I’d also like to mention that NIH’s Center for Scientific Review, NIGMS and other institutes and centers have a critical need right now for reviewers to help evaluate the tremendous number of applications submitted in response to Recovery Act funding opportunities. If a Scientific Review Officer asks you to participate on a review panel, I hope that you’ll agree to serve if at all possible.

Businesses Can Apply for New Technology-Oriented Recovery Act Grants

Recovery Act Logo - Recovery.govNIH has announced two new, technology-oriented Recovery Act funding opportunities targeted to businesses:

  • The Small Business Catalyst Awards for Accelerating Innovative Research (R43) will speed innovation by supporting early-stage ideas with commercial potential that promise to greatly advance a technological area within the NIH mission—not merely lead to incremental improvements of existing technologies. NIH plans to award 20 to 25 one-year grants, each up to $200,000 in total costs. Applications from small businesses with no prior NIH Small Business Innovation Research (SBIR) or Small Business Technology Transfer (STTR) support may receive funding priority.

If you’re interested in applying for either opportunity, send your letters of intent by August 3, 2009. Please feel free to contact me offline with specific questions.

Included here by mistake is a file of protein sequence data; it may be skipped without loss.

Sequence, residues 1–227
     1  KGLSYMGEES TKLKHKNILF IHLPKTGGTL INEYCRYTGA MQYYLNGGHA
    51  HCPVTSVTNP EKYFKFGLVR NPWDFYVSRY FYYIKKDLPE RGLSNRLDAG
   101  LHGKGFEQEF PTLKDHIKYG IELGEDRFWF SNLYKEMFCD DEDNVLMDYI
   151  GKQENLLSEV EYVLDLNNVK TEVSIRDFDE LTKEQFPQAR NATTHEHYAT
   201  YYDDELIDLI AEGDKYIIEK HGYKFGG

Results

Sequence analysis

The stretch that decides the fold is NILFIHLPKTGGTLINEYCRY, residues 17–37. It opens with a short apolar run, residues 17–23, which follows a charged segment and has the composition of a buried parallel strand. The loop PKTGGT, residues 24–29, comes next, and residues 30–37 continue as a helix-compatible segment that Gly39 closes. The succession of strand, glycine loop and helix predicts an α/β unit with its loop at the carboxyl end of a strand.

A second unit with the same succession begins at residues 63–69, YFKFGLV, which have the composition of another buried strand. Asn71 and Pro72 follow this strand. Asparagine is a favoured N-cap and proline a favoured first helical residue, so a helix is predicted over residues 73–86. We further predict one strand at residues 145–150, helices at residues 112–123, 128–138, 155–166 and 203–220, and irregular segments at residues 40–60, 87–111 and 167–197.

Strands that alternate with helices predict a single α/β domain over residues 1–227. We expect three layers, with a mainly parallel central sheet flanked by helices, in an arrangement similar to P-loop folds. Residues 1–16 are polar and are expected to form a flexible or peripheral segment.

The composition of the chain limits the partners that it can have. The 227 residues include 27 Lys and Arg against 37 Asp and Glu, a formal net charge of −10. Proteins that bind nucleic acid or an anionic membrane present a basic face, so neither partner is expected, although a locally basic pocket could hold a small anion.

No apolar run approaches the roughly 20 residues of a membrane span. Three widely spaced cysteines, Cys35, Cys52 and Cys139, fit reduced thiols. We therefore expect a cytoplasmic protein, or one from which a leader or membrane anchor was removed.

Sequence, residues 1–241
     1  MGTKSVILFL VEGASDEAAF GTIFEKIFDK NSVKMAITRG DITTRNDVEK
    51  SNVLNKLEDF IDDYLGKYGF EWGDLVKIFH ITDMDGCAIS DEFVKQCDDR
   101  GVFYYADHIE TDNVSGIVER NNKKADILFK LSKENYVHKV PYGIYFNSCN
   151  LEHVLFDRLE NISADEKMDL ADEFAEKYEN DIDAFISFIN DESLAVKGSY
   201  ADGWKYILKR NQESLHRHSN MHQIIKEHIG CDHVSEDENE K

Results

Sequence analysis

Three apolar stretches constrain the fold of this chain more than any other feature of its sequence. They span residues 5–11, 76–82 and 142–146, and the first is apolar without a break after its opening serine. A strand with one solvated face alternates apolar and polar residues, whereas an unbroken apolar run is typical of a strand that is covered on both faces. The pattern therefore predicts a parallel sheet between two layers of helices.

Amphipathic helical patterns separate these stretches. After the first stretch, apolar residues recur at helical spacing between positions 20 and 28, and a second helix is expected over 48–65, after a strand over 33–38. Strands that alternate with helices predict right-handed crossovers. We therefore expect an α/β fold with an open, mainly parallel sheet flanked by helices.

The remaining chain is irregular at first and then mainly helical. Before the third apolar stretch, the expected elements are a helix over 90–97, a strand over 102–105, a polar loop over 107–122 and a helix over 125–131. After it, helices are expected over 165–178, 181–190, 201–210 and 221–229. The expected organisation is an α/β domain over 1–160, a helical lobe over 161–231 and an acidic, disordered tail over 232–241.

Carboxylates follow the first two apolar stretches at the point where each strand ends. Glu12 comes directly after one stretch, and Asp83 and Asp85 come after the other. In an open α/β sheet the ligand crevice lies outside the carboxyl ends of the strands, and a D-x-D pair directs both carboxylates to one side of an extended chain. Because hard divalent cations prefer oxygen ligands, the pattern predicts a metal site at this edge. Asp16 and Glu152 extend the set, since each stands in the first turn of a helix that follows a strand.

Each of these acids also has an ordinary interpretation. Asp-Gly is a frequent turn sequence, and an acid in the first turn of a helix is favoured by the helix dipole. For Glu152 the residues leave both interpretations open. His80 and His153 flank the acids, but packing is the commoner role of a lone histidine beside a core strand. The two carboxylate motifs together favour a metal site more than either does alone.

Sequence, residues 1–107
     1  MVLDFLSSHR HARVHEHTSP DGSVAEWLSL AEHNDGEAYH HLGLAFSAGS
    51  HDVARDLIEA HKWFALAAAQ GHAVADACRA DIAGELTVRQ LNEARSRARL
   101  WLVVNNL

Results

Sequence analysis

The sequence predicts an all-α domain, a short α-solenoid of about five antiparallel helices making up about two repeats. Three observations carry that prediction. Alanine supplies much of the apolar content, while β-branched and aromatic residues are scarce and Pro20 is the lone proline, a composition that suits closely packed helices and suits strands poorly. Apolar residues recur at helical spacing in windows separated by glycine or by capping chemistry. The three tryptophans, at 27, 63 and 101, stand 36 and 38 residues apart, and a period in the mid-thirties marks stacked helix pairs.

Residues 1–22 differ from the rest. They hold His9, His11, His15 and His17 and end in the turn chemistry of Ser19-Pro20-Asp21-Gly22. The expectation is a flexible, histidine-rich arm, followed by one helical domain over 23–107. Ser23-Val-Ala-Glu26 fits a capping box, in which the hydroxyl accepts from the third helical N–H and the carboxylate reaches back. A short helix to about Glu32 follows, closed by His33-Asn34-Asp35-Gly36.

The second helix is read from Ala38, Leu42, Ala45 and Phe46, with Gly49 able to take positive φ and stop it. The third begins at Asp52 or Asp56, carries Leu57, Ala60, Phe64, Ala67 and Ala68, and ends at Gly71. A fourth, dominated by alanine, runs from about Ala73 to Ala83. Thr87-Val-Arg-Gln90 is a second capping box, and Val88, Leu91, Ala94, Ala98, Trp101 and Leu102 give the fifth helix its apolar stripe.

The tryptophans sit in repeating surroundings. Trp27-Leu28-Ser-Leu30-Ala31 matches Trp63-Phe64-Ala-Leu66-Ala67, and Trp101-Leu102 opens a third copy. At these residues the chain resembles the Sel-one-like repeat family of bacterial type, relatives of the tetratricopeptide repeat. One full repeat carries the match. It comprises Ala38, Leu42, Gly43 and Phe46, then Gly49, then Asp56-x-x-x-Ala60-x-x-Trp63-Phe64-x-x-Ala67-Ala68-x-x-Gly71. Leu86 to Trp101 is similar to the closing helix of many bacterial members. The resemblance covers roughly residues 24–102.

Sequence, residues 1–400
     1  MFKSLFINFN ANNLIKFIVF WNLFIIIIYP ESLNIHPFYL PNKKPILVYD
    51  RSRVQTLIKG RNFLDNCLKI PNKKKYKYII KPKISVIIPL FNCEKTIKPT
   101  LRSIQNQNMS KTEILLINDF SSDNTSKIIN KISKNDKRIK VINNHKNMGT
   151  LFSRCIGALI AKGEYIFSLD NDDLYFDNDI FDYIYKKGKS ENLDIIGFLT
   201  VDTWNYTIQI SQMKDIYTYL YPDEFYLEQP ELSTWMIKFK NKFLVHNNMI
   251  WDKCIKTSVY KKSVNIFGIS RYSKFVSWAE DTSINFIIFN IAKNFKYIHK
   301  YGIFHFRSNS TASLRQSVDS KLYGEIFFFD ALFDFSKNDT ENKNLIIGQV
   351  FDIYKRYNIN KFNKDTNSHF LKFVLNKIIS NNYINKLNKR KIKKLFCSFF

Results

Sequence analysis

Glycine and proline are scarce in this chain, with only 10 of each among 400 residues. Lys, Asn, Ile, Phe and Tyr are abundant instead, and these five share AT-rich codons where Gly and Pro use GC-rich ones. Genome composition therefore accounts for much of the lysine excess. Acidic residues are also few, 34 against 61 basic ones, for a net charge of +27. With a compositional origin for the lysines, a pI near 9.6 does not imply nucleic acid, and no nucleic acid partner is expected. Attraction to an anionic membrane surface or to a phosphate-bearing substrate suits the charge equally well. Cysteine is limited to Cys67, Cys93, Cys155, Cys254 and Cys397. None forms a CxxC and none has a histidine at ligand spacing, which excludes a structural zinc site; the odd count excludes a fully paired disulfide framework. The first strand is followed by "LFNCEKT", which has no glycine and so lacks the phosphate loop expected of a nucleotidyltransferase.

Early Notice: New Microbial-Host Interactions Grants

Microorganisms are everywhere–in and on our body, and in our environment. We know that these microbial communities affect our health and the health of plants and animals that we depend on. Yet, we know very little about the physiology and ecology of these communities and their interactions with their hosts.

Today, the NIGMS Council approved a new grant program that will focus on studying the basic principles that govern microbial community structure and function within a host. Research under this program will advance our understanding of the basic biology of microbial communities. It also has the potential to provide clues for developing new strategies to promote human health and treat or prevent diseases.

Once the funding opportunity has been published in the NIH Guide in early August, we will post it on the Feedback Loop site. In the meantime, I encourage you to send me comments and start thinking about applying.

Comment Notification

We’ve been posting lots of comments and replies to Feedback Loop entries, particularly ones about Recovery Act funding opportunities. So that you can automatically receive alerts when comments have been added, we’ve set up a special “Comments” RSS feed. To sign up or learn more about it, go to https://loop.nigms.nih.gov/index.php/comments/
feed/
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Feedback Loop Blog Sidebar - Comments (RSS)

If you have questions about administrative supplement requests, be sure to skim the comments to “Tips for Requesting Recovery Act Administrative Supplements” and “Clearing Up Confusion about Supplement Length and Budget Limits” for information that may apply to you.

Explaining Recovery Act Faculty Recruitment

Recovery.gov - NIGMS InformationWe’ve received a lot of questions about the Recovery Act faculty recruitment funding announcement. In addition to posting the questions and answers in our Recovery Act FAQs, I thought I’d share them here on the Feedback Loop.

What is the intent?

The intent is to contribute to startup packages for junior faculty so that they have a good foundation for becoming independent, tenure-track faculty members who are competitive for NIH awards.